He rises back to his feet with the box in his hand and begins to spread the ashes, allowing several feet between each turn through his hands. When he’s finished he sits back down and it hits him in a wave, grief and shock and something else washing over him and filling him from the inside out.

“I’m so sorry, Cas.” He says eventually, his voice so quiet he isn’t sure if he’s even said it out loud. “I should’ve.. done something, stopped him somehow. He didn’t even hesitate.” Images flash in Dean’s mind, bright light spreading from Cas’ eyes and mouth. He swallows. "I tried to stop you. Don't know if.. well, I did. Sammy grabbed me. Think he was worried I'd follow you. Maybe I would've, I don't know." He would. He knows that for certain. “He tried telling me you wouldn’t want me to. Which is.. I mean, it’s true isn’t it? You hate all my self-sacrificing crap.”

Ironic, really, considering how they met. Even more ironic, considering where Cas is now.

“I’m still here, though. Just about. Mom’s gone, Crowley’s gone, but we’re carrying on. I feel like I’m going fucking insane but the world’s just.. keeping on turning.” The words feel bitter and Dean runs his tongue over his teeth. “I don’t know, man, maybe that’s not fair. I know I’m not the only one that’s lost you.” And that – that feels foreign on his tongue. He can barely even admit it in his own head. “Sure feels like it sometimes, though. Every time I close my eyes I just…”

He closes them now and sees him. Shadows of wings behind him in a disused barn. Smiling at him on the side of a highway at night. Blood pooling from his mouth as he begs him for his life.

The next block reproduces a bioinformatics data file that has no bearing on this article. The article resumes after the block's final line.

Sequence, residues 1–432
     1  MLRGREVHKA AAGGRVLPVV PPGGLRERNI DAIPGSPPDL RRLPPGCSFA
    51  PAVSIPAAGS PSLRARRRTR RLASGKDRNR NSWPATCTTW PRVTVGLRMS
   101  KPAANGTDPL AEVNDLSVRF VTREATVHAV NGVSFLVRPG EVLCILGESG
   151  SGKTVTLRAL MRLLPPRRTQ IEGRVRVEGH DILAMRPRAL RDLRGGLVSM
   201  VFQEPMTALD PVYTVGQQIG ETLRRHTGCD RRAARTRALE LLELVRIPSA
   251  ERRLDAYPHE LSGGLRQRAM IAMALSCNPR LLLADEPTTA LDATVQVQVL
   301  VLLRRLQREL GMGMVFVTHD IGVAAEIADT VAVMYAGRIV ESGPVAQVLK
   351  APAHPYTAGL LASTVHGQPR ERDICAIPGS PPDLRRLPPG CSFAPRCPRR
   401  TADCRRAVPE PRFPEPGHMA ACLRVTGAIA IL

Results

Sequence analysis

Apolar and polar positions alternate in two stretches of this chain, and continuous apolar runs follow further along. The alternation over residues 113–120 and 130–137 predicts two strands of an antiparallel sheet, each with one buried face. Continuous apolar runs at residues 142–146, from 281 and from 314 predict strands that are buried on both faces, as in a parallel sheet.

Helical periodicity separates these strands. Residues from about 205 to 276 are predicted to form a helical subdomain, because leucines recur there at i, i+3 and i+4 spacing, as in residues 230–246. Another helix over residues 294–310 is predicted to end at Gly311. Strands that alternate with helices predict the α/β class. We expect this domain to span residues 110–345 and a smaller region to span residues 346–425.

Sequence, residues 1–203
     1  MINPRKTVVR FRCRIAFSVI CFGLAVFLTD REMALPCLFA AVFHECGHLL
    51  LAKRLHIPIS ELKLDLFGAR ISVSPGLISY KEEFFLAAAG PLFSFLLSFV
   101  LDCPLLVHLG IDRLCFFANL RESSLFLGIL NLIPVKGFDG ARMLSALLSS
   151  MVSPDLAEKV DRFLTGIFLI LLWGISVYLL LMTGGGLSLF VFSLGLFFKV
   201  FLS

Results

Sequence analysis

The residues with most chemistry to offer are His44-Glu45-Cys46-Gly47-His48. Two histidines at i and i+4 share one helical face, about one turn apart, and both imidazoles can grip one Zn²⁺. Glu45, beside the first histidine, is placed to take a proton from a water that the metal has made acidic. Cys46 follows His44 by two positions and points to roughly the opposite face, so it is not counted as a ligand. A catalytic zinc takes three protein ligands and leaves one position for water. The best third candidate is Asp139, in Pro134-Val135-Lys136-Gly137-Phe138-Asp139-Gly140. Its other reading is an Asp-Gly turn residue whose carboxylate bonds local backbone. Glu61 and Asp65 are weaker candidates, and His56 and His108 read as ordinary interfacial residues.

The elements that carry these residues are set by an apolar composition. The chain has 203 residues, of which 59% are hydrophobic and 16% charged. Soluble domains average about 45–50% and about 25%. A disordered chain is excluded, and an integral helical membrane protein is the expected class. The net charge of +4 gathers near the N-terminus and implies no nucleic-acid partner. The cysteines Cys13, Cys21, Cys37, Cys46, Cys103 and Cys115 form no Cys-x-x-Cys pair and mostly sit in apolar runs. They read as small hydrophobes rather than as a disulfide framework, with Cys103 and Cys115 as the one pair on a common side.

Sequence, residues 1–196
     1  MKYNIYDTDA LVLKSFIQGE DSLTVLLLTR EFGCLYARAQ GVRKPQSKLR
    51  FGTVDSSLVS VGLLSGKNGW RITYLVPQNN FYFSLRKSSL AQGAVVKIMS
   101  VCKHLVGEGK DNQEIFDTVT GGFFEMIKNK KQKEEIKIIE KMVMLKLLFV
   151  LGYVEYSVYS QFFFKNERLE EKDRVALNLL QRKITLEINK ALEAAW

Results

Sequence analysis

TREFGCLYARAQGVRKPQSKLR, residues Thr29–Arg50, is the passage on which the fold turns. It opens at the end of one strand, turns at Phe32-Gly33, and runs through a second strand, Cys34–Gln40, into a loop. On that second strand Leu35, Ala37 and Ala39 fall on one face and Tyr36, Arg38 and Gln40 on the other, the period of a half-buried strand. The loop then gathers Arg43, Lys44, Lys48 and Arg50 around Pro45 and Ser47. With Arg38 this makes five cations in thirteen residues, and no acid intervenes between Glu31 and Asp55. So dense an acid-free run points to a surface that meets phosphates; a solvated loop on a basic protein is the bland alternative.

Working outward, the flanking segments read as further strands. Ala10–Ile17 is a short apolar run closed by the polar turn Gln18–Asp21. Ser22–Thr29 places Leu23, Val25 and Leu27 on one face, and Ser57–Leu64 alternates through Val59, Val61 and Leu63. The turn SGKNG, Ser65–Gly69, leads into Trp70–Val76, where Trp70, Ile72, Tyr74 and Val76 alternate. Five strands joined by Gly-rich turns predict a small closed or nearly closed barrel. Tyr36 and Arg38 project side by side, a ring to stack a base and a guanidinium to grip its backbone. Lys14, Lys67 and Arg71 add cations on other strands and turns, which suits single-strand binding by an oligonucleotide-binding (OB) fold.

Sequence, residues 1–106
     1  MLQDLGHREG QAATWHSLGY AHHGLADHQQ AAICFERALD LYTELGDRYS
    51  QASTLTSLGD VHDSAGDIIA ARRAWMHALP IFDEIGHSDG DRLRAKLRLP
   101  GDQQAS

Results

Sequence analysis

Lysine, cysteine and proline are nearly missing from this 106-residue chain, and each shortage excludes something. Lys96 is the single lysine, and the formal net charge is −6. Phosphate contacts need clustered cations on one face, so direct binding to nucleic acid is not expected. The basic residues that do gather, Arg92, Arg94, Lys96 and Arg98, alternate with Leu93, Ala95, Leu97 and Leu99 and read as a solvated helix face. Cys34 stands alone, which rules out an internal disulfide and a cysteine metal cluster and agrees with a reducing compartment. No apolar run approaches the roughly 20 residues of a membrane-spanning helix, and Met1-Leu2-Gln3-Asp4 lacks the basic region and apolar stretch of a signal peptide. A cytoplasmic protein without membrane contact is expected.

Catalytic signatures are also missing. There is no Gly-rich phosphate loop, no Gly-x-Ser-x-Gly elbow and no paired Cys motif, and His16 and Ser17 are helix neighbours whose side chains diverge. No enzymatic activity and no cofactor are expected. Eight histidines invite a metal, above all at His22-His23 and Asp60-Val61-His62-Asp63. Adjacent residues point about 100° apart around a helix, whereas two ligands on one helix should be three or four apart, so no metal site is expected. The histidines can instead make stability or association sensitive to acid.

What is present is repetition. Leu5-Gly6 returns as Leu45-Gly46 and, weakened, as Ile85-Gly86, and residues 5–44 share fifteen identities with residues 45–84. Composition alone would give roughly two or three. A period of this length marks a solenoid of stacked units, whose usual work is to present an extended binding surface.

“I guess that’s why Sam said I could have you.” Your ashes, you, same difference. “’m not very good at hiding this stuff. I tried to give some to the kid, but he had no idea why he was supposed to want that. You probably woulda thought the same when you first got to earth. I think it’d be different now, right? Maybe.. I don’t know, if it was me I think you’d care.” It feels like some kind of confession and so Dean stops himself.

"So yeah, Jack's here. I guess you know that, though. He's.. well, he's probably a little bigger than you were imagining. And he - he looks like you, actually. Which is-" hard. confusing. gut-wrenching. "-weird. You'd probably get a kick out of it if you could see him."

He can barely look at him, if he’s being honest with himself. He knew he’d find it hard because of who Jack is but he didn’t expect that added dagger, driving deep into chest when he looked up and saw the kid tilt his head in confusion.

"I know you'd want me to give him a chance. I do. I just-" he chokes on his words, "God I wish you were here, man. I don’t know what else I can say."

Desperate tears are stinging his eyes and it’s a wonder he has any left, to be honest. He told himself he wasn’t going to when he did this. He manages to swallow these ones back inside as he listens to the birds again. The rustle of the trees in the distance.

After a few moments he hears a faint buzzing and squints his eyes against the sun’s rays to see the blurred shape of a bee circling in front of him. He feels a smile twitching his features.